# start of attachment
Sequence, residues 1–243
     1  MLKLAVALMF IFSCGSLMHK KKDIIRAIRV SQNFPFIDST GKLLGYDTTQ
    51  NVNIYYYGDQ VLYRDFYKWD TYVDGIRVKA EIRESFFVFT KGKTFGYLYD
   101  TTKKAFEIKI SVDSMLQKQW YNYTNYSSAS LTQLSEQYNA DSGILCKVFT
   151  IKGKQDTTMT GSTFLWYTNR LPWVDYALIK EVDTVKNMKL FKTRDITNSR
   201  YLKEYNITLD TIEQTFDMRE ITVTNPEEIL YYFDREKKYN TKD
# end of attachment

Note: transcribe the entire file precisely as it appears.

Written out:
Sequence, residues 1–243
     1  MLKLAVALMF IFSCGSLMHK KKDIIRAIRV SQNFPFIDST GKLLGYDTTQ
    51  NVNIYYYGDQ VLYRDFYKWD TYVDGIRVKA EIRESFFVFT KGKTFGYLYD
   101  TTKKAFEIKI SVDSMLQKQW YNYTNYSSAS LTQLSEQYNA DSGILCKVFT
   151  IKGKQDTTMT GSTFLWYTNR LPWVDYALIK EVDTVKNMKL FKTRDITNSR
   201  YLKEYNITLD TIEQTFDMRE ITVTNPEEIL YYFDREKKYN TKD